Karen Sixkiller is a contemporary Cherokee sculptor and Washington native residing on the Olympic Peninsula and walking in two (or more?) worlds as a mixed white and “at large” Cherokee Nation citizen. Studying social psychology in graduate school taught her the discipline of scientific research, which she applies to cultural research and Native social justice issues to inform her art. Her formal education in public health and elementary education brought her to New Mexico and the Indian Health Service, where she worked with all 23 sovereign nations and with children from each community at a Native-owned residential tribal school. These experiences and influences have coalesced in her passion for teaching new perspectives through art. Sixkiller’s work has been featured at the Port Angeles Fine Arts Center, ʔaʔkʷustəŋáw̕txʷ Peninsula College Longhouse, Cherokee Art Market, Cherokee Homecoming Art Show, and Klallam Heritage Center. She is currently working on a monumental bronze and steel sculpture to be installed in the Cherokee Nation capital city of Tahlequah, Oklahoma, in August 2023.
“I created a game-ready chessboard with 32 individually sculpted porcelain pieces illustrating current and historical parallels of American subjugation policies. Sixteen pawns (eight Native children from various North American tribes and eight backpack-wearing schoolchildren) and four schoolhouse-shaped rooks represent the discovery of Indian boarding-school burial sites and modern-day school shootings. Other pieces represent abuse of power: an Andrew Jackson-like caricature as the historical king; bishops and televangelists with pockets of money; and a jingle dress-wearing woman with MMIW on her fan and a red handprint over her face as the modern-day queen. Faces are blank, as anonymous as the countless, true-to-life people depicted.” —Karen Sixkiller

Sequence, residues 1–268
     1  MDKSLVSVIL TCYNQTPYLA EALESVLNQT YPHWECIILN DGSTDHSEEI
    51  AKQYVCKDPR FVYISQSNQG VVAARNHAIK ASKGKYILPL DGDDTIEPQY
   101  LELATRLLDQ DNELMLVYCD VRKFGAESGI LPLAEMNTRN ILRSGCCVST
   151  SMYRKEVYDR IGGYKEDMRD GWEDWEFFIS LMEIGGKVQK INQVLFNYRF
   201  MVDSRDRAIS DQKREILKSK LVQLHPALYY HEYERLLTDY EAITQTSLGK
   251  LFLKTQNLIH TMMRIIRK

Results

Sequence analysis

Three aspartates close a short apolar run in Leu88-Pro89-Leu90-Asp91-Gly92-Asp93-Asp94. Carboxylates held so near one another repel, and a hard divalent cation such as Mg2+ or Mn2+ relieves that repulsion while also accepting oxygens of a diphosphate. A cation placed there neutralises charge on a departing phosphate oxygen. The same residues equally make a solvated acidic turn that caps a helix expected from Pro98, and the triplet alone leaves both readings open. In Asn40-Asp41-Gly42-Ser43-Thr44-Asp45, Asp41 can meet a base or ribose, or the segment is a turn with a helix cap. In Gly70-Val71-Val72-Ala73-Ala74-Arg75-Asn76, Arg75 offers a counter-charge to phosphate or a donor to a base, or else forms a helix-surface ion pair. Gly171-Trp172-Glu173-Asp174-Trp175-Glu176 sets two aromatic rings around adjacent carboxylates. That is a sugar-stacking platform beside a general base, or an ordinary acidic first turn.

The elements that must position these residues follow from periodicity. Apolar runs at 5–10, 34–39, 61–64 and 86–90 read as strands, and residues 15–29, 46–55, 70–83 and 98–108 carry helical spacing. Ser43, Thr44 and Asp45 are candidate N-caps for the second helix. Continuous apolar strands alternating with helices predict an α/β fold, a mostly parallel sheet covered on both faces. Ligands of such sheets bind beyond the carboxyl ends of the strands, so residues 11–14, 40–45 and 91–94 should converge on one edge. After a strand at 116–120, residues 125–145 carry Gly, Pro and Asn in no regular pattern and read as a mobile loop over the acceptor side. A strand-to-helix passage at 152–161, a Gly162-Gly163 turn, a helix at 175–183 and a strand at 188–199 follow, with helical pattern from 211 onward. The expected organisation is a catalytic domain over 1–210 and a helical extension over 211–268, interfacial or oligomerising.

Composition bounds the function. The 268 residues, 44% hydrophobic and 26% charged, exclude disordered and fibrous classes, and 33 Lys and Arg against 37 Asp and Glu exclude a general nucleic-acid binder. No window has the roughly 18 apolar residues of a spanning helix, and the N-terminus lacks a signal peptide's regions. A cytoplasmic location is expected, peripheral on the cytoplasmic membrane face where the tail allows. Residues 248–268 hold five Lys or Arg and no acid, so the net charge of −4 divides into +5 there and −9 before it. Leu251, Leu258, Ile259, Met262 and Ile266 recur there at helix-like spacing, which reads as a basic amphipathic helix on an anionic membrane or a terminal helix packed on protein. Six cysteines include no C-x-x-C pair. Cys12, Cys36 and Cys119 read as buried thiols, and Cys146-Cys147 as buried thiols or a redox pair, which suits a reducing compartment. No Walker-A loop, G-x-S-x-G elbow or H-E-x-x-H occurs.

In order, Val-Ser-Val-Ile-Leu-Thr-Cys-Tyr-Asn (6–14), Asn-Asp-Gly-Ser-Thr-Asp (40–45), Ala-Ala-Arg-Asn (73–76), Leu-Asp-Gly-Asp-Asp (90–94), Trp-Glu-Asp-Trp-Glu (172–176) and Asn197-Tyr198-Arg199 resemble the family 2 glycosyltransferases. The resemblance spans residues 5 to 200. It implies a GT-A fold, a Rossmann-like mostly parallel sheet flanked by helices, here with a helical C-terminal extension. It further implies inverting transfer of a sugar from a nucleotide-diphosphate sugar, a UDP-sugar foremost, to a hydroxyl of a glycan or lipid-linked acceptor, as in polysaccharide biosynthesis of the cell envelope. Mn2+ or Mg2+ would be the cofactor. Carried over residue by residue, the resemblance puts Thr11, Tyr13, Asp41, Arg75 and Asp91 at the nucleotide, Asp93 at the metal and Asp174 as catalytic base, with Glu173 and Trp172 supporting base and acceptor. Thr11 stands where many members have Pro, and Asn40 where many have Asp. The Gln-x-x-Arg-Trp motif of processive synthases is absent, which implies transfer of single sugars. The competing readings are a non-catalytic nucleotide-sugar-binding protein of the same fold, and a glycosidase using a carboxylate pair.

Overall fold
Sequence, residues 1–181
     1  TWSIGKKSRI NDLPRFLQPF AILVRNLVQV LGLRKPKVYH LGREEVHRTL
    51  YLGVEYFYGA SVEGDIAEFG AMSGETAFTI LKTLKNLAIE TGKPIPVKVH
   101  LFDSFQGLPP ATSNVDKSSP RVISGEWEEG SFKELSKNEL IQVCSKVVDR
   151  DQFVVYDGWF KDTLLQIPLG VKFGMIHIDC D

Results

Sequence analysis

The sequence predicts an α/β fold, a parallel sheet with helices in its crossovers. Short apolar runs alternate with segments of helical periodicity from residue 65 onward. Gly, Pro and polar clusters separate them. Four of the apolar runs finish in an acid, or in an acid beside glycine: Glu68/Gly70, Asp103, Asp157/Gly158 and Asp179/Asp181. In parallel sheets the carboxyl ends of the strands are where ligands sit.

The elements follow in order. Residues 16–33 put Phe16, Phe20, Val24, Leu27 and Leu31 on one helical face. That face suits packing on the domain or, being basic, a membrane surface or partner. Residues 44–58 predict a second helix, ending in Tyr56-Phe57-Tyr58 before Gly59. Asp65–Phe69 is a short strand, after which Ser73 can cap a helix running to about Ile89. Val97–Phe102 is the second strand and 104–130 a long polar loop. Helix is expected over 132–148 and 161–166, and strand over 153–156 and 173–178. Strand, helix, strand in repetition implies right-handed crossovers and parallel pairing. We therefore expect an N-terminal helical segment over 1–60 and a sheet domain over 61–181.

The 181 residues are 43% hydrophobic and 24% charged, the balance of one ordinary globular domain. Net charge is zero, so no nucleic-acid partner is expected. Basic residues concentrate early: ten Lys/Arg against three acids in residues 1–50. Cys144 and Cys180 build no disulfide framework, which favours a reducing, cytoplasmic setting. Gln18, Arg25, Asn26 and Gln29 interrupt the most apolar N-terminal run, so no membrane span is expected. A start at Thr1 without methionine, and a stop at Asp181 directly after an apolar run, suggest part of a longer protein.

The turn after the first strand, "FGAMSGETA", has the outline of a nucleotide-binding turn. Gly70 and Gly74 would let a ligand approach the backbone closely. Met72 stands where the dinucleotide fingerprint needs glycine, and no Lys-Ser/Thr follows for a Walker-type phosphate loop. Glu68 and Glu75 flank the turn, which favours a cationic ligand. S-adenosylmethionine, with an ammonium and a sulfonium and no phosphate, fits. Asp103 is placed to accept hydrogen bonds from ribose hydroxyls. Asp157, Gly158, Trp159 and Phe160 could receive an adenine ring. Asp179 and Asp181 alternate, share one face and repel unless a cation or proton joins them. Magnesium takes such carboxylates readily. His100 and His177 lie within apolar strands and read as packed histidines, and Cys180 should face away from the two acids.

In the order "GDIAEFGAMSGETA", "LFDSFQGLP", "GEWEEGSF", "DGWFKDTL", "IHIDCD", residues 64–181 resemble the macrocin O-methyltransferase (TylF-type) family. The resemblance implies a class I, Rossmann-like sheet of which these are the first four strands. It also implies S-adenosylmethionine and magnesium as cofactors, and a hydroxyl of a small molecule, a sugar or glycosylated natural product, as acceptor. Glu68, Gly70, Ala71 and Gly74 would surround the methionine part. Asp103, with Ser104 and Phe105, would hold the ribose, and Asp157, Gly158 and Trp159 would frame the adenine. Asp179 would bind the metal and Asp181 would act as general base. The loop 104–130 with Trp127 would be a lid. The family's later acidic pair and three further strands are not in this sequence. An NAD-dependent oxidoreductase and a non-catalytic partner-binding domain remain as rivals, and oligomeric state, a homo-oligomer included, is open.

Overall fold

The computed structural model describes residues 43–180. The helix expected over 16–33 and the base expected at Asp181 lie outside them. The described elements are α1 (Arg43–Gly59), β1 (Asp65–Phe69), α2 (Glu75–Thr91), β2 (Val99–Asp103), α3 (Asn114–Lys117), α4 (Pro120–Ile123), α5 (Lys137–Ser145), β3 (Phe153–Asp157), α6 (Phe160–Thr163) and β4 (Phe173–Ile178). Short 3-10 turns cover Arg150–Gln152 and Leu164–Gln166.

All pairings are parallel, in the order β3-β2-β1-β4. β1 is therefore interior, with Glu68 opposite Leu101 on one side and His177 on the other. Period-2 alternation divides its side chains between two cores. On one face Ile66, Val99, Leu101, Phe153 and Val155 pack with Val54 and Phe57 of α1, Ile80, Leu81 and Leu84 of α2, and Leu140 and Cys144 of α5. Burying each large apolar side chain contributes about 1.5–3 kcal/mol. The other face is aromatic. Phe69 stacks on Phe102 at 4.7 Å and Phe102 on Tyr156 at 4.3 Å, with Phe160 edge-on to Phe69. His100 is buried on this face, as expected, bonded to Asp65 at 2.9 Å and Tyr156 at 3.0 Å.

What does the idea of “justice for Native communities” mean to you?
That’s a hard question because justice looks different for each individual person, and communities are groups of individuals. Generational trauma is real, it’s in our DNA and each new baby will have to find a path to justice. So “justice for Native communities” means to acknowledge past injustices, work to repair them whenever possible, and ultimately evolve actively and honestly as a species beyond perpetuating future injustices. I’m not sure if justice is obtainable in my lifetime, but I am sure we can get closer.
What do you think needs to happen in the world to achieve justice for Native communities?
To my mind, obtaining justice is like addiction recovery. First, we must admit we have a problem, and a large part of that problem is financial greed. We need to move through the feelings of despair; that the problem is too big, too deeply rooted, too fundamental to the human condition, and embrace the knowledge that CHANGE IS POSSIBLE. In 2019, a Harvard study found that only 3.5% of any population is needed to create societal change. So, if we continue to commit to change and educating others, eventually our 3.5% will take action and achieve it.
How do you express justice through your artwork?
My art aims to express justice on multiple levels, and I strive to have these messages resonate and be accessible for Native and non-Native viewers. By presenting images or objects that non-Natives “know,” but have Native imagery or perspectives embedded in them, people from any walk of life have a place to start thinking about each sculpture, each justice problem. I hope people may then start a questioning process, an opening of the mind to find new understandings of a Native justice issue.
Is there anything else you would like to share about Native justice and your artwork?
Ultimately, I hope to help the generational healing process for Natives by explicitly acknowledging the injustices and inequalities we have experienced and helping to make them more salient to non-Native viewers who could be allies in our quest for justice. Indeed, the abuser is also harmed when they abuse, and advocating for the abused is the path to repairing their self-inflicted wounds. Humanity can only be whole when we all are free.